Markets face severe disruption. Countries swapping their foreign currency debt back into their own currency or their domestic debt are as much at risk from credit derivatives as investment banks were 10 years ago.
Most sovereign issuers are happy to tap the capital markets in different currencies, as this gives them access to a large source of investors.
To avoid exposure to currency and interest rate risk, they use derivatives, mainly cross-currency and interest rate swaps. This is so their debt is in the currency and interest that best suits their needs. Some countries use such instruments to form an opinion on the direction of the market.
The problem, whether they are hedging or speculative transactions, is that most of the debt countries issue is sizeable. Cross-currency swaps are volatile, because the chance of one currency moving significantly against the other is great. This heightens credit risk.
If one counterparty defaults, this could be a huge cost to the other. Assuming the defaulting counterparty has issued some debt in a depreciating currency, it must, under the terms of the swap, pay the appreciating currency. As it can no longer do so, the other counterparty will incur a loss, the cost of substituting the defaulting counterparty.
To prevent this, most market participants agree to pay some form of collateral when the value of the swap moves one way or another. However, most countries cannot post collateral.
Banks have ways of protecting themselves against such risk. Agreements regulating such business contain ‘additional termination events’ clauses, whereby a counterparty must exit the swap if their rating falls below a certain threshold. Under the terms of such clauses, the exiting counterparty will have to pay the cost of substituting the swap with another counterparty. This cost is around the fair value of the swap. The payouts can be massive. Between 2011-12, Italy needed to exit some derivatives it had with Morgan Stanley and had to pay close to €3bn as its rating had been downgraded.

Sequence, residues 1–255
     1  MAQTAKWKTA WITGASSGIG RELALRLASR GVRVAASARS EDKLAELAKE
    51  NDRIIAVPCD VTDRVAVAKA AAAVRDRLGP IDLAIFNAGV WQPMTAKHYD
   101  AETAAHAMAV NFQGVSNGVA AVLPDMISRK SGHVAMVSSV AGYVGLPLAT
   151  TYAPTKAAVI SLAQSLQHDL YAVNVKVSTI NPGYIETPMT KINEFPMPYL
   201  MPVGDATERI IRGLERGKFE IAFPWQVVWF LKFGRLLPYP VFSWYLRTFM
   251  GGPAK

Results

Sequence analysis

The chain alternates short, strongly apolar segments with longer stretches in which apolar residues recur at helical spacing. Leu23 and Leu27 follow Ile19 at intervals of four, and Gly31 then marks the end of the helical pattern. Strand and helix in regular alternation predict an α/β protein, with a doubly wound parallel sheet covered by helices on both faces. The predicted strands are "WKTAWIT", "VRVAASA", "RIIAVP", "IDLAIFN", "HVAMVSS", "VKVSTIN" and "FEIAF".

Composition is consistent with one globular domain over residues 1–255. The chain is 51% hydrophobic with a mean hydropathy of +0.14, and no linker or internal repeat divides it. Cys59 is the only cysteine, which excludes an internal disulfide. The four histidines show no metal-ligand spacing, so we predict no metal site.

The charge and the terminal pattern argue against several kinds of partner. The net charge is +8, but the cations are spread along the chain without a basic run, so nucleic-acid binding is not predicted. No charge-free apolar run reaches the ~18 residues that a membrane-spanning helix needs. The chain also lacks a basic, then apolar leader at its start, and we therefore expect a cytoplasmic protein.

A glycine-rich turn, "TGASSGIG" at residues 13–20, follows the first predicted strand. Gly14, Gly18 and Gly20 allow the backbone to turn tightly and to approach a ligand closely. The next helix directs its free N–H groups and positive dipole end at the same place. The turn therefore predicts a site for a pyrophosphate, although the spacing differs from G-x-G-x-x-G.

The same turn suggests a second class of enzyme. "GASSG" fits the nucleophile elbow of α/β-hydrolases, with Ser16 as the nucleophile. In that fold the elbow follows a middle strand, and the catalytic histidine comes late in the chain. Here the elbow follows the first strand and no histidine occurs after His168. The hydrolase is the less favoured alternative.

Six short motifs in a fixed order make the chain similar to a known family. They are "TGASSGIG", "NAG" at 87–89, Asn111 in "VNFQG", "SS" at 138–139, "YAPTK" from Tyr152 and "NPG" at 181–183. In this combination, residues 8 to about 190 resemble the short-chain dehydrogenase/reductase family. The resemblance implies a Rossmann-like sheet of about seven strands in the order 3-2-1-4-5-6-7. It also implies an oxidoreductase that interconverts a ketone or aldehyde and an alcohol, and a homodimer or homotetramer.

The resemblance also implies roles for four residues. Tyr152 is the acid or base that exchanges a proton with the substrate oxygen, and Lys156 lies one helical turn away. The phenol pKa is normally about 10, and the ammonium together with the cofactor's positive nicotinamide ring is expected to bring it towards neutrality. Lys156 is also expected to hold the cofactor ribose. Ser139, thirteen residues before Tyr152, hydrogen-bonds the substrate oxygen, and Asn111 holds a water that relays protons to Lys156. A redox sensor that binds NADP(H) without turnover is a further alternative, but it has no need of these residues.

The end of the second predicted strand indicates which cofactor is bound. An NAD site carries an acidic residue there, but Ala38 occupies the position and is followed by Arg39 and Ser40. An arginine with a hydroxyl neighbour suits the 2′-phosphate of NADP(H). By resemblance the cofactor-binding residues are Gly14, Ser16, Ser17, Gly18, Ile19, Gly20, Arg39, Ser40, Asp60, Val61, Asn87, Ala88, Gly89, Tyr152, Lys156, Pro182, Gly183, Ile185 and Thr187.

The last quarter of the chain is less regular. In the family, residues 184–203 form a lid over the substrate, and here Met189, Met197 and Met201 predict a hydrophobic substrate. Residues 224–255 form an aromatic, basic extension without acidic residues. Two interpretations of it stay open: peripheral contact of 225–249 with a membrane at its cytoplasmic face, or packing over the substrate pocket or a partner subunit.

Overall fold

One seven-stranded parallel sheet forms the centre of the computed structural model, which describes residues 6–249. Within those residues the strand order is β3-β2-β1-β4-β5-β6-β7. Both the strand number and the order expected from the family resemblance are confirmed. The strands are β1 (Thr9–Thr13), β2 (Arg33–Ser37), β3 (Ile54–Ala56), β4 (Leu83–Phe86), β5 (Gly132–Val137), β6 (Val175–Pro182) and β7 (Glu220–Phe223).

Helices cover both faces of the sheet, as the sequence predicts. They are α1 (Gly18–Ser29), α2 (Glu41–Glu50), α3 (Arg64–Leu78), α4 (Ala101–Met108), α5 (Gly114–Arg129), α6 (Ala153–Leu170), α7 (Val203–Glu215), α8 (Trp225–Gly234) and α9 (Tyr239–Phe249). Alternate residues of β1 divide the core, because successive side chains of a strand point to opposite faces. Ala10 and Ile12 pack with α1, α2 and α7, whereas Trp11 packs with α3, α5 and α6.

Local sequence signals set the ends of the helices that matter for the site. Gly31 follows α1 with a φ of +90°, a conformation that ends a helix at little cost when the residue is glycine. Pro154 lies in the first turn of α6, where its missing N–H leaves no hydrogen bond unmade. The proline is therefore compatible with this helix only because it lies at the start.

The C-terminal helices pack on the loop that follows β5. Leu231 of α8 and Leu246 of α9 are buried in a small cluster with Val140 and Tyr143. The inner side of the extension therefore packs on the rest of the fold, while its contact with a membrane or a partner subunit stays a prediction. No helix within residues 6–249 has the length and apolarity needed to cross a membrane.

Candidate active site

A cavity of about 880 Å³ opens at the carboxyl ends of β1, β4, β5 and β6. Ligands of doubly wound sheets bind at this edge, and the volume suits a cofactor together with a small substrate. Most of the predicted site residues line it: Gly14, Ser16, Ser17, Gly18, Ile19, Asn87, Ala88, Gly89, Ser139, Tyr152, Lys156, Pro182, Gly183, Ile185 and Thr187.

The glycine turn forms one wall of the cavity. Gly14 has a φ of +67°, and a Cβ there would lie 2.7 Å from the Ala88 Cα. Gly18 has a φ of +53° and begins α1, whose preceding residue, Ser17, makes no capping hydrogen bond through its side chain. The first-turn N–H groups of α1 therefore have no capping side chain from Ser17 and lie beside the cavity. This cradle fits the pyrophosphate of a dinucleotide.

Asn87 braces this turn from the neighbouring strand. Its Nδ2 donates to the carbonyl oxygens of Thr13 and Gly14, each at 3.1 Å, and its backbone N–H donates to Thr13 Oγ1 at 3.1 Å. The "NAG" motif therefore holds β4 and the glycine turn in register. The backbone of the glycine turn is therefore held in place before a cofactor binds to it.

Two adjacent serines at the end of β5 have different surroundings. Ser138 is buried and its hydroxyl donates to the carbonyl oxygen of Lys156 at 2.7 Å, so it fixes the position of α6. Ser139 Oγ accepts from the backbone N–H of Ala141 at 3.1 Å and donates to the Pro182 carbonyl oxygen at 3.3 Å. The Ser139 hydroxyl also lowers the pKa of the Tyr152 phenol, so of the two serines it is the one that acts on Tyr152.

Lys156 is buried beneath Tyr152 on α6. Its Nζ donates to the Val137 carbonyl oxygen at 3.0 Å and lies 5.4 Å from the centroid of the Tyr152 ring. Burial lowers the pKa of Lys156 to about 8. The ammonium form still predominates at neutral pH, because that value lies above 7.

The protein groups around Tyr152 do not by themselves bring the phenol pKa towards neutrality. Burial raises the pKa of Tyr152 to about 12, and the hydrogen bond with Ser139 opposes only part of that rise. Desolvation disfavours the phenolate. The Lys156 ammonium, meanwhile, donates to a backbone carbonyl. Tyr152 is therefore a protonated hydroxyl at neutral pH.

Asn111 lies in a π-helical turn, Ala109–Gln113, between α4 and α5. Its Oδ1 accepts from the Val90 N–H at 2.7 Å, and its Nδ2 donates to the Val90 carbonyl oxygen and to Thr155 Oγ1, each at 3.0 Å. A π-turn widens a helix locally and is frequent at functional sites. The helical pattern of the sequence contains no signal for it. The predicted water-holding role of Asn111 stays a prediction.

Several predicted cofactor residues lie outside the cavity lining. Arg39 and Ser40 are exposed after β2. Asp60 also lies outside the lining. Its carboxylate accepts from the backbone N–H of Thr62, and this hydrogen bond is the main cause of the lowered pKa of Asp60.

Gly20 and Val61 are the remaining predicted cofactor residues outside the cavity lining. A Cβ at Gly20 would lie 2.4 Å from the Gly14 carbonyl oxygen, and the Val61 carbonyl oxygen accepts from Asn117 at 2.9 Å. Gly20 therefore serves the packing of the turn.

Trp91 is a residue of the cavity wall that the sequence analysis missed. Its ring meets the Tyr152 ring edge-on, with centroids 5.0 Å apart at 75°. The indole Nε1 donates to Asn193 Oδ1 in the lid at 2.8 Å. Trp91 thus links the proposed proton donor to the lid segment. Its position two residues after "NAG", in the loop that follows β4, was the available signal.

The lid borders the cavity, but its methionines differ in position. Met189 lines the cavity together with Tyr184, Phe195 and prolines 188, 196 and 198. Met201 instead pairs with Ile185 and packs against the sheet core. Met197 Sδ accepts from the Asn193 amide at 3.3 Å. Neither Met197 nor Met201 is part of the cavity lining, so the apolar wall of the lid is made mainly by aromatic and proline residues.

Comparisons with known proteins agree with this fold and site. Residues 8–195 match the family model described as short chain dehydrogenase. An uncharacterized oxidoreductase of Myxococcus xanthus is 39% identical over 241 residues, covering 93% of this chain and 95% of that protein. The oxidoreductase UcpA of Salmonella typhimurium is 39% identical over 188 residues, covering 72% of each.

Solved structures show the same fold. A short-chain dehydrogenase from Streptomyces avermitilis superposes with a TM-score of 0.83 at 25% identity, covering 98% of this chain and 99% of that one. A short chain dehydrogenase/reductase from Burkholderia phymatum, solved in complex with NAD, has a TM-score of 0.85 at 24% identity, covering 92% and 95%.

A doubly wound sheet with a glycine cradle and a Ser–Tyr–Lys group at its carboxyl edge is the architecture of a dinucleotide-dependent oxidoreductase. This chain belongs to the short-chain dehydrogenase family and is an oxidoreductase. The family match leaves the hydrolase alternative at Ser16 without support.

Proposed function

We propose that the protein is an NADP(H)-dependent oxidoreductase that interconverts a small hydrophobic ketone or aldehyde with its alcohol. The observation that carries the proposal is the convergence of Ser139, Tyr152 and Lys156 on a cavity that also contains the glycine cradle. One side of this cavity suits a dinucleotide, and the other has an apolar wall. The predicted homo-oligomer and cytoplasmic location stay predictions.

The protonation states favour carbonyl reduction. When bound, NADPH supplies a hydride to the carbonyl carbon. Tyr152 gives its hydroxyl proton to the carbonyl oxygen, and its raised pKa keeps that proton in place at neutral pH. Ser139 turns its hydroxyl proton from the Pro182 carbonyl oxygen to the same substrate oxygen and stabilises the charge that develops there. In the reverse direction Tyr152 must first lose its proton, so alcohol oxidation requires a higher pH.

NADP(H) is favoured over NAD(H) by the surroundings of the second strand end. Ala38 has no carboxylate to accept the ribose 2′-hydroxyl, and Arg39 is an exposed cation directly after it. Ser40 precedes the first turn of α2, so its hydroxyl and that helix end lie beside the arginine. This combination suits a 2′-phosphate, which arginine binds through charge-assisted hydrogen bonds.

Italy entered into derivatives to hedge interest rate risk, but ultimately paid large sums of money following a credit event. This is equivalent to having sold a credit derivative to Morgan Stanley, because the cost was incurred as Italy’s credit deteriorated. This is similar to what happened to large financial institutions that, in 2008, directly sold credit default swaps or indirectly sold them through having large positions in their books of collateralised debt obligations.
The consequences are potentially alarming. Not only do cash-stripped sovereigns have to finance large payments, they also remain unhedged on debt issues that may lead to large future costs. Moreover, their national courts may prevent them from honouring commitments.
This is not a minute risk. Consider a counterparty calling an early termination event on one or more swaps with a large issuer. If that issuer refused to honour its commitments because of a court ruling – or fear of a court ruling – this would be seen as a default not only in that specific contract, but in hundreds of credit default swaps and bonds outstanding in the market where there is a cross-default clause. This could disrupt the working of the swap market and have a large impact on several institutions’ balance sheets.
The issuer would struggle to issue new debt, as many of the dealers that lead sovereign issues are also the banks that swap them. The problem would be exacerbated if the issuer was unable to refinance an existing foreign currency issue – or even a domestic bond issue – as its dealers would refuse to underwrite the bond. This would lead to a major debt default of a sovereign issuer.
Argentina’s default in 2001 caused mayhem in the market; a disorderly Greek default in 2010 would have caused further problems. If the issuer is much larger, it is best not to contemplate the possible consequences.